Washington — In one of the most creative attacks on a presidential candidate, at least in recent history, a couple of Connecticut political activists are trying to raise political cash from dog lovers who are howling mad at how Mitt Romney years ago treated his dog.

To hound the presumptive GOP nominee, Martin Dunleavy, a former New Haven alderman and member of the Democratic National Committee, and Larry Atherton, owner of an investment firm in Simsbury, have helped found a new Connecticut-based Super PAC called “Mitt is Mean — The Animal Lovers Against Romney Committee.”

“It was started by a lot of animal lovers who were (angry),” said Brad Bannon, spokesman for the Mitt is Mean PAC. “I mean, who would treat a dog like that?”

For the few who haven’t heard the story:

In 1983, Romney packed his family into a station wagon for a 12-hour vacation trip to Canada. There was no room in the vehicle for Irish setter Seamus, the family dog, so Romney put him in a crate, which he tied to the roof of the car. The frightened dog soiled himself, the waste rolling down the windows of the car. An unflappable Romney hosed the crate, Seamus and the car down at a gas station and continued the trip.

“His treatment of Seamus is a window into his soul,” Bannon said. “A guy who treats a dog like that can’t be trusted.”

Brannon aims to raise is $1 million to run ads he hopes go viral.

Obama and Bo

A photo of President Obama and Bo riding in the presidential limo was tweeted by Democratic strategist David Axelrod.

But so far, the group’s bark has been worse than its bite. Established last month, the Mitt is Mean PAC has raised only a few thousand dollars.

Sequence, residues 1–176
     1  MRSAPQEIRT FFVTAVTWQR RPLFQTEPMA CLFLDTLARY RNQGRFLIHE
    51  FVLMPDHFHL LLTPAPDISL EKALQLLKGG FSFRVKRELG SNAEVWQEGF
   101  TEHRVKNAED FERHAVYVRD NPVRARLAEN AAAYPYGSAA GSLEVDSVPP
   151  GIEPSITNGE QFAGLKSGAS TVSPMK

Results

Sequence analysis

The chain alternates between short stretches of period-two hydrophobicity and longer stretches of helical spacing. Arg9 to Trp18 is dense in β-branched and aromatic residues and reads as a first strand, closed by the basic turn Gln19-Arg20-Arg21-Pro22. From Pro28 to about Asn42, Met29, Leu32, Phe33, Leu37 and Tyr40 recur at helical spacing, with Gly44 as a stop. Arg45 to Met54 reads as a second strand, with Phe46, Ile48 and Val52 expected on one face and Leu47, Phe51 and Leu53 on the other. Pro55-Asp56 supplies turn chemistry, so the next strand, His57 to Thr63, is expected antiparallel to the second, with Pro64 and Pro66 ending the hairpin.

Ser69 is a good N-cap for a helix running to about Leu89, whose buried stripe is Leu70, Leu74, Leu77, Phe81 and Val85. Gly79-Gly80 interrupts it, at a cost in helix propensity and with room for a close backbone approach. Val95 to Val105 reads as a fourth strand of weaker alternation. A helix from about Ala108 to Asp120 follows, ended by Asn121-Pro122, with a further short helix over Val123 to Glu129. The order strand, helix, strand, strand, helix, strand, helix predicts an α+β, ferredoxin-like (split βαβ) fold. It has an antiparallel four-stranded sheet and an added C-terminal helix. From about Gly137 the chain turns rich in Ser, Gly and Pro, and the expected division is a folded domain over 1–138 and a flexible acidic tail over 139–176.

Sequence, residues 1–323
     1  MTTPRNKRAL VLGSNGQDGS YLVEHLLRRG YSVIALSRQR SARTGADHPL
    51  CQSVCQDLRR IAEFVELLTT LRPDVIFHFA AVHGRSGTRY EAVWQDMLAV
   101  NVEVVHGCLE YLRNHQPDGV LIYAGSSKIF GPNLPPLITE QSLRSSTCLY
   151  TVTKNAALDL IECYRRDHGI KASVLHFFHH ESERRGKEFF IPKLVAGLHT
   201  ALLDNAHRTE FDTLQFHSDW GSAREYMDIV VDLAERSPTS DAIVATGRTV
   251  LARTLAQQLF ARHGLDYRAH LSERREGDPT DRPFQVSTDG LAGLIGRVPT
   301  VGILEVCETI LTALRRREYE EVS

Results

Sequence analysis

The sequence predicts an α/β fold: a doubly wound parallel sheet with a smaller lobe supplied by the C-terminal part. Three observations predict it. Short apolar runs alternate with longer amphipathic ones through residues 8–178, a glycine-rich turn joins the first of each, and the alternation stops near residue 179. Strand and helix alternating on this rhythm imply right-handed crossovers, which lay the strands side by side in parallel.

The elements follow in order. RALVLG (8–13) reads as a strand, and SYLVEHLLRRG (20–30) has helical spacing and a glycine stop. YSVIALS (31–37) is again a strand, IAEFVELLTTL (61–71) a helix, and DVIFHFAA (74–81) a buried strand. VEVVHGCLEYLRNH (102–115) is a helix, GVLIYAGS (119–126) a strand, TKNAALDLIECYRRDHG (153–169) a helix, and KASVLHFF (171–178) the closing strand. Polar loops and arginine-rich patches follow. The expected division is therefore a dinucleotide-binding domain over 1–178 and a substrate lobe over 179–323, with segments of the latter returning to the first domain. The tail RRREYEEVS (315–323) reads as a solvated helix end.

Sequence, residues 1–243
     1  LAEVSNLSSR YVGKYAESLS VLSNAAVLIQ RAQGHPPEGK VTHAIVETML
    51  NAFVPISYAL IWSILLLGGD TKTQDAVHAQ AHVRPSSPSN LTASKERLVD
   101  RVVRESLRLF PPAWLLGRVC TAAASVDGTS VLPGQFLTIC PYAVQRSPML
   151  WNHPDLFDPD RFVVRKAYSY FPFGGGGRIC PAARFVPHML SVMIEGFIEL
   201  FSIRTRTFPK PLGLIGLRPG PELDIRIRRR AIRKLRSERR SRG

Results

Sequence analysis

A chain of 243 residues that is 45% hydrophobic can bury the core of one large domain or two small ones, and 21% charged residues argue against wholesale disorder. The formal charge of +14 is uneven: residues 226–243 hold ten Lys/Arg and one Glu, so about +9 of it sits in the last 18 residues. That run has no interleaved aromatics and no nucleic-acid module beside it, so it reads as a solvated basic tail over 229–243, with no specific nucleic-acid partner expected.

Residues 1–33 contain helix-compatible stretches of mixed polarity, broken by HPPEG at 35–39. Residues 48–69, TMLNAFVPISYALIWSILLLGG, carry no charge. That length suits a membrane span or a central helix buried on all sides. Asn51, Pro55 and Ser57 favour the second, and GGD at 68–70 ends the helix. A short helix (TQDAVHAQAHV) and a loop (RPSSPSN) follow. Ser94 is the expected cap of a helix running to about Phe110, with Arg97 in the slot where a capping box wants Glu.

But, Bannon said, “There are pledges from major donors that will be collected in the next few weeks.”

The PAC also has a Website, www.mittismean.org, that makes the following pitch for donations: “Help keep us nipping at Mitt Romney’s heels until Election Day.”

The PAC’s founders are allied to the nonprofit group “Dogs Against Romney” that demonstrated at the Westminster Dog Show in Manhattan in February.

“The difference is we’re a political action committee and they’re a nonprofit and can’t campaign like we are against Mitt Romney,” Bannon said.

The Romney campaign did not return calls requesting comment.

But Romney has pushed back against criticism of his treatment of Seamus by pointing out that President Obama has said he ate dog meat as a child in Indonesia. Romney’s wife Ann has also defended her husband by saying Seamus liked to ride al fresco.

As a Super PAC, the Mitt is Mean PAC can raise an unlimited amount of money from individuals, businesses and unions. But it must keep its activities independent from any candidate campaign.

But it wasn’t difficult for the Obama campaign to also decide that Romney’s treatment of his pooch could be a political goldmine.

This week it has flooded the Internet with an ad featuring Bo, Obama’s Portuguese water dog, and established “Pet Lovers for Obama” pages on Facebook and other social media.

Obama campaign adviser David Axelrod has tweeted a photo of Obama holding Bo on his lap inside the presidential  limo and the motto “I ride inside.”

The Washington Post said Bo may be the first “first dog” to be a central player in a presidential campaign.

Animal advocates, however, are staying out of this dog fight.

PETA said in a statement that it’s opposed to the transportation of a dog other than inside the car with the rest of the passengers.

But both PETA and the American Society for the Prevention of Cruelty to Animals say their nonprofit status bars them from commenting on a political candidate.

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Ana has written about politics and policy in Washington, D.C.. for Gannett, Thompson Reuters and UPI. She was a special correspondent for the Miami Herald, and a regular contributor to The New York TImes, Advertising Age and several other publications. She has also worked in broadcast journalism, for CNN and several local NPR stations. She is a graduate of the University of Maryland School of Journalism.

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